...
    I have to wonder out loud if that is true? I ordered a pair off the internet, (May have been I Zenni.) I just typed in the measurements, the actual prescription was not needed.

    Might be policy at a brick and mortar shop. My prescription changes ever year. My insurance for instance will allow one free lenses change within 60 days if I show the eyeglass shop my vision has changed. Places on the internet you only get what they give you for a warranty and may not take insurance.
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  18. #18

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    Quote Originally Posted by Alligator View Post
    I have to wonder out loud if that is true? I ordered a pair off the internet, (May have been I Zenni.) I just typed in the measurements, the actual prescription was not needed.

    Might be policy at a brick and mortar shop. My prescription changes ever year. My insurance for instance will allow one free lenses change within 60 days if I show the eyeglass shop my vision has changed. Places on the internet you only get what they give you for a warranty and may not take insurance.
    According to my Optometrist age of the Rx is not an absolute. In an emergency, broken frames, cracked lens, etc, new glasses can be made using data found in the lens of the old pair or with a call to the Opometrist or MD who filled or prescribed them. If that's not an option for whatever reason, "cheater glasses" sold at many drugstores and other outlets can sometimes fit the need until an eye exam can be arranged, which if one is wearing glasses over 2-years old is not a terrible idea overall.

  19. #19
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    In the USA, the FTC requires doctors to give you your glasses or contacts prescription after an eye exam. There is no charge to provide a written prescription, only a charge for the exam. https://www.ftc.gov/tips-advice/busi...-eyeglass-rule

    There is no law that requires a new prescription every 2 years, but its not illegal for a retailer to require an exam if your prescription is more than 2 years old. According to the FTC, that is left to the judgement and policy of the retailer.

  20. #20
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    Quote Originally Posted by Nanatuk View Post
    In the USA, the FTC requires doctors to give you your glasses or contacts prescription after an eye exam. There is no charge to provide a written prescription, only a charge for the exam. https://www.ftc.gov/tips-advice/busi...-eyeglass-rule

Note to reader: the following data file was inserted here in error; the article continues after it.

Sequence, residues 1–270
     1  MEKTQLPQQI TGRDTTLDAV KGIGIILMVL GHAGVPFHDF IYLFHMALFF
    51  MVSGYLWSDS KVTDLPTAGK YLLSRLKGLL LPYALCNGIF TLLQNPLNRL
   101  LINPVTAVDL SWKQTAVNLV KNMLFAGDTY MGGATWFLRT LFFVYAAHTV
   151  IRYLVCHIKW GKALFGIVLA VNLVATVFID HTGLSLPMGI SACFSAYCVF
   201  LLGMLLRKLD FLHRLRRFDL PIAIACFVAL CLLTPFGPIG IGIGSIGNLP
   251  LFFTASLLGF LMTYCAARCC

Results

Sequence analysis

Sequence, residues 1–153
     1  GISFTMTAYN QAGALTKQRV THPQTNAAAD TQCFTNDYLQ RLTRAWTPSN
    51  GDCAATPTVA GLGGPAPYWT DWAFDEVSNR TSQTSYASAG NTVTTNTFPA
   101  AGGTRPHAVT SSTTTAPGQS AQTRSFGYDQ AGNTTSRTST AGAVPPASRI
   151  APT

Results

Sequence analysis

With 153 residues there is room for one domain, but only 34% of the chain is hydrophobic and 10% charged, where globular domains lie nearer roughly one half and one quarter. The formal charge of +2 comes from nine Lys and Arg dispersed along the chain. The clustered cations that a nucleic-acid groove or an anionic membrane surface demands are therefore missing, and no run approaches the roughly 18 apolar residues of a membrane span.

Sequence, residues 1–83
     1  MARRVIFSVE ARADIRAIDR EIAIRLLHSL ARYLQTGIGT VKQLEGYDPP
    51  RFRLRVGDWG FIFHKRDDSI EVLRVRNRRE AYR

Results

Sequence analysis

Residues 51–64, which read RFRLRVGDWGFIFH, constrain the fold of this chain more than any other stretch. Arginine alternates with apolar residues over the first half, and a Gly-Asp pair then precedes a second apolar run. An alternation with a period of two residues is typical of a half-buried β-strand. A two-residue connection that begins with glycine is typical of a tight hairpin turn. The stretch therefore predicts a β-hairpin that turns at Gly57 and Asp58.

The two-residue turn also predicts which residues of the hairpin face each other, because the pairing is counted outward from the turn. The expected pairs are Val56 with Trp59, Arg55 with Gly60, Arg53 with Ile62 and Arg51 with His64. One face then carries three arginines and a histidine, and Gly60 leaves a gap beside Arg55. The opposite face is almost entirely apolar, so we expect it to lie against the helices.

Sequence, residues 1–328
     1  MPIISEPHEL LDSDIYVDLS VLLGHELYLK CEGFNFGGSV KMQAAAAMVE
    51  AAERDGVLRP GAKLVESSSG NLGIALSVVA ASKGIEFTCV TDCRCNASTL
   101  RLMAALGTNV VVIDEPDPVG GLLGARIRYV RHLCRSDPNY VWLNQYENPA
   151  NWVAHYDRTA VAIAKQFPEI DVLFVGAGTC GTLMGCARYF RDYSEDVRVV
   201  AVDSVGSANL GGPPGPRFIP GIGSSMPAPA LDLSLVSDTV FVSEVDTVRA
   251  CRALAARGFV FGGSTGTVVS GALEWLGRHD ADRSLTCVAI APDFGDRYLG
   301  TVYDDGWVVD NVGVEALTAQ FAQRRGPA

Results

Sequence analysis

There is no law that requires a new prescription every 2 years, but its not illegal for a retailer to require an exam if your prescription is more than 2 years old. According to the FTC, that is left to the judgement and policy of the retailer.
    The prescription expiration laws are all State laws, not Federal law. Almost all states have them, and the time periods vary but they are typically 1 or 2 years. These state laws prevent the glasses or contact lens provider/retailer from selling you glasses/lenses because they would then be filling an expired prescription which is an illegal act - that's where the law comes into play.

    Most of these laws were passed as the result of a Federal law requiring your prescription info to be provided to you by the examining optometrist. This cut into their "captive audience" profits (especially due to mail order/online contact lens sales), so the doctors, many of whom also operated retail frame and lens operations, all lobbied their state reps and got state laws passed protecting their profits by making the prescriptions expire. Note that there is no law forcing anyone who is required to wear glasses to operate a motor vehicle to get an optometrist's eye exam regularly (only usually a crude vision test at DMV) - you could be driving legally with 10 or 20 year old prescription glasses provided you can see okay with them. It's not about vision - it's about protecting optometrist's profits.

    Now, whether it's good practice to see an eye doctor on a regular interval just for the general health aspect of it is another topic. There are plenty of good reasons to see an eye doctor to screen for macular degeneration, glaucoma, cataracts, etc., but people with perfect vision should also do this. Glasses wearers alone shouldn't be forced by law to support an industry when they know their vision and corrective prescription hasn't changed.
    Last edited by 4eyedbuzzard; 12-11-2019 at 19:02.